Is it safe to comment on political matters in contemporary Ireland if one lacks the fig-leaf protection that comes with membership of our supine media cartels? If one takes a critical line on the current Fine Oibre administration does that make one a political dissident? Will the “dogs of policing” be dispatched if one crosses an invisible line of permitted public commentary in the eyes of those who serve the Fine Gael – Labour Party coalition government? If democratically elected politicians can be arrested and taken from their homes in dawn raids – including a member Dáil Éireann, the national parliament of this island nation, and a former member of the European Parliament – what safeguards has a lowly online observer of the increasingly authoritarian establishment in this country? Even children are not safe from the long hands of Taoiseach Kenny and Tánaiste Burton. From the Broadsheet.ie:
“On Tuesday morning I was awoken to a loud banging on my mam and dad’s front door. My mam and dad went down to discover ten Gardaí – nine detectives and one uniformed Garda. The next thing I knew they were standing in my bedroom, arresting me under Section 4 of the Criminal Justice Act.
It went on very quick from there. I remember being taken out to a detective car and my mam being followed behind in another detective car. It was then, I was then taken to Tallaght Garda Station and put into police custody.
I was made sign various forms and then I was put into a prison cell. That experience alone for me was distressing. I felt sick in the cell. I’d never been through an experience like that in my life before.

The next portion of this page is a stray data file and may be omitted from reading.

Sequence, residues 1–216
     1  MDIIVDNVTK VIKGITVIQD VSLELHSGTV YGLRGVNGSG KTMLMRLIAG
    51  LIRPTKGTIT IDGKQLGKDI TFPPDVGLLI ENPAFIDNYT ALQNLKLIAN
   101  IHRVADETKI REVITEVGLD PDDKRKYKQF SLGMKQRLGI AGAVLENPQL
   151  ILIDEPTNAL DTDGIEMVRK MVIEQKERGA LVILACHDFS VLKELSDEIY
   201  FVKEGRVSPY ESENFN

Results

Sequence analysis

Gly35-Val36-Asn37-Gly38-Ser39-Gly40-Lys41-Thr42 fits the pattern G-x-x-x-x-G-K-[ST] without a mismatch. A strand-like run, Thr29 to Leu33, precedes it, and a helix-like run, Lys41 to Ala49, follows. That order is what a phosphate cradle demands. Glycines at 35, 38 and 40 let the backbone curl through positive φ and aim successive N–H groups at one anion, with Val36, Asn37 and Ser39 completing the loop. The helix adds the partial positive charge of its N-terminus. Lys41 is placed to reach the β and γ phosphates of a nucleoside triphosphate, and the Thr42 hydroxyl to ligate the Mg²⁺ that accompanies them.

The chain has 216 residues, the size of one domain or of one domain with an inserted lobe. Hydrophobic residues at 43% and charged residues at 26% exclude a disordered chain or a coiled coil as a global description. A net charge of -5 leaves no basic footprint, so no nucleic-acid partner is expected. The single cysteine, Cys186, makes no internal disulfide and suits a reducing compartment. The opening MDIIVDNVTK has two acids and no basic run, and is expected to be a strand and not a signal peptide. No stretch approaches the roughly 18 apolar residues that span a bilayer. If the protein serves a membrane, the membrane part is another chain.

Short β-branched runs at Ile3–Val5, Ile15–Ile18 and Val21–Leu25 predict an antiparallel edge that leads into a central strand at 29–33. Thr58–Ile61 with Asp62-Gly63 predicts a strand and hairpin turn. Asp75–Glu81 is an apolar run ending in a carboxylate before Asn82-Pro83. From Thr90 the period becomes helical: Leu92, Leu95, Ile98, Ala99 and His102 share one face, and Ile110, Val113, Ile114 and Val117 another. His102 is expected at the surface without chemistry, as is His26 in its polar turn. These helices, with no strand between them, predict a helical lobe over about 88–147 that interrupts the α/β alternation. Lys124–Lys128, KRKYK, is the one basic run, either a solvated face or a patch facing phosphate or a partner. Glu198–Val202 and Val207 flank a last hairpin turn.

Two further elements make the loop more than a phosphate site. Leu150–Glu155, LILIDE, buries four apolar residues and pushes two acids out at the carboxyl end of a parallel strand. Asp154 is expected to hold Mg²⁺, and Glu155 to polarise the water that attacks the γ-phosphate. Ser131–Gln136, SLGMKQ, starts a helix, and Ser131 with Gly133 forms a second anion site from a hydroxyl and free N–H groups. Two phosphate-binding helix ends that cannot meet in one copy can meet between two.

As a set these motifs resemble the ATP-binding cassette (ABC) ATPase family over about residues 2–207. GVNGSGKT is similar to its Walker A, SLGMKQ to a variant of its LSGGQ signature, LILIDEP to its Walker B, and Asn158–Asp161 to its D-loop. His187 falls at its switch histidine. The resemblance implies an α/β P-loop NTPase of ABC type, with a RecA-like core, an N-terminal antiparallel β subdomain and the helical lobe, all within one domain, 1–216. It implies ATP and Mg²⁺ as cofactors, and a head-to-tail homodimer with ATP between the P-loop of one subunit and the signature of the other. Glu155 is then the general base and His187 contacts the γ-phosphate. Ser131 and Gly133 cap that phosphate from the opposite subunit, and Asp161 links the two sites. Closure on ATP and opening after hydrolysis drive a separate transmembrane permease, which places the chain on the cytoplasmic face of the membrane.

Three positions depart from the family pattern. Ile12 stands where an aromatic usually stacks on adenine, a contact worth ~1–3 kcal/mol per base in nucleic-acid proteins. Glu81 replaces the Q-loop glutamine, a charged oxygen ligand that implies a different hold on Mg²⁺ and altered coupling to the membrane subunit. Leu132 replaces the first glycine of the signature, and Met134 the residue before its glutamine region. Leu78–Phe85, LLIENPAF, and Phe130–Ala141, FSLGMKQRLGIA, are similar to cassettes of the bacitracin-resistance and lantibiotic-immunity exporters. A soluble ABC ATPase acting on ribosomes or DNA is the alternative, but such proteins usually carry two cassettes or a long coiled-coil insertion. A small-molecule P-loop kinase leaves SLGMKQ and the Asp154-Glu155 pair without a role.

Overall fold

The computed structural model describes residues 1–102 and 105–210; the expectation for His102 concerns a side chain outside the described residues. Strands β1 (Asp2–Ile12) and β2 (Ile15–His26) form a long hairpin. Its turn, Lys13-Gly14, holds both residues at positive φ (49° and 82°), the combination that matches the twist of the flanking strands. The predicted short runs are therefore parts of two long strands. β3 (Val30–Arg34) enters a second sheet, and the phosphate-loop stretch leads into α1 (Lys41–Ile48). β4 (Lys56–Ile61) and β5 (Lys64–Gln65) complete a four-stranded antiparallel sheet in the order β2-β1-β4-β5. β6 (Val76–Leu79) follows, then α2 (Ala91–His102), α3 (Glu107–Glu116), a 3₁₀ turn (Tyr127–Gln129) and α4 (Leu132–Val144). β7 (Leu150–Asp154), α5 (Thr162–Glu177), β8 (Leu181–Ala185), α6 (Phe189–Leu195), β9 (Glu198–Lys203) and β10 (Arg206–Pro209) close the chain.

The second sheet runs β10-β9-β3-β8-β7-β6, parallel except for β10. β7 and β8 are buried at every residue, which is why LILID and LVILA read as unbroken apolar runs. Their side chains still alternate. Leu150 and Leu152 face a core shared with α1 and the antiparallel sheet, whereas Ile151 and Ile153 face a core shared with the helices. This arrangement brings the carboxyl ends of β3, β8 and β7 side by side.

While I should have been in school I was sitting in a prison cell down in Tallaght Garda Station and Joan Burton, if you think that’s going to shut me up, it’s not. I’m going to be protesting stronger than ever before now.
The Guards put me through over two hours of questioning from various videos from the day in Jobstown and they said to me, ‘we have to put it to you, Jason Lester, that you were the ringleader or the organiser of that protest’.
My reply was simply, ‘no comment’ to anything they asked.
People keep on asking me, ‘You’re only a lad of 16. Why – sorry now for cursing – why do you give a shit about water charges? Your mam and dad have to pay them.’
Well I’m 16 now and, in two years, I’ll be 18, in college, I’ll be taking on my own life. If a water tax gets introduced I’ll have to pay that, your kids will have to pay that, so I’m the representative for all your kids out on these protests.
Throughout the interview as well, I saw things and I asked the Guards, ‘Where did this footage come from?’ and they told me, CCTV cameras at An Cosán [college] and RTÉ supplied footage as well of some of the protesters.”
So, basically, what I took from this experience is that I felt downgraded in my area – what are my neighbours going to think of me, seeing me being brought out of my house by ten Guards, marched out of my house, what are they going to think of me?
And if they want to do me on the “false arrest” of Joan Burton, well I tell you something. They came and took me, a 16-year-old out of my bed and put me in a prison cell. Who got falsely arrested? You tell me.””
Such is the revenge enacted by the agents of the Daorstát Éireann for those who protest iniquitous government policies that have inflicted enormous hardship and suffering on huge swathes of our population, and at the behest of faceless European bureaucrats and glorified international money-lenders. When the forces of law and order side with those who avoid or pervert the law, when the police and judiciary become the enforcers of extortionists and profiteers, then every citizen has the right to protest. And to do so without fear of vilification by a mendacious press or persecution by a politicised police service.
A rally will be held on Saturday the 21st of February to protest the suppression of political dissent by the Fine Gael and Labour Party coalition in Ireland, starting at 2pm outside the Central bank, Dame Street, Dublin.
As I post this article it is 7 o’clock in the morning here in the Dublin. Should I expect a knock upon my front-door?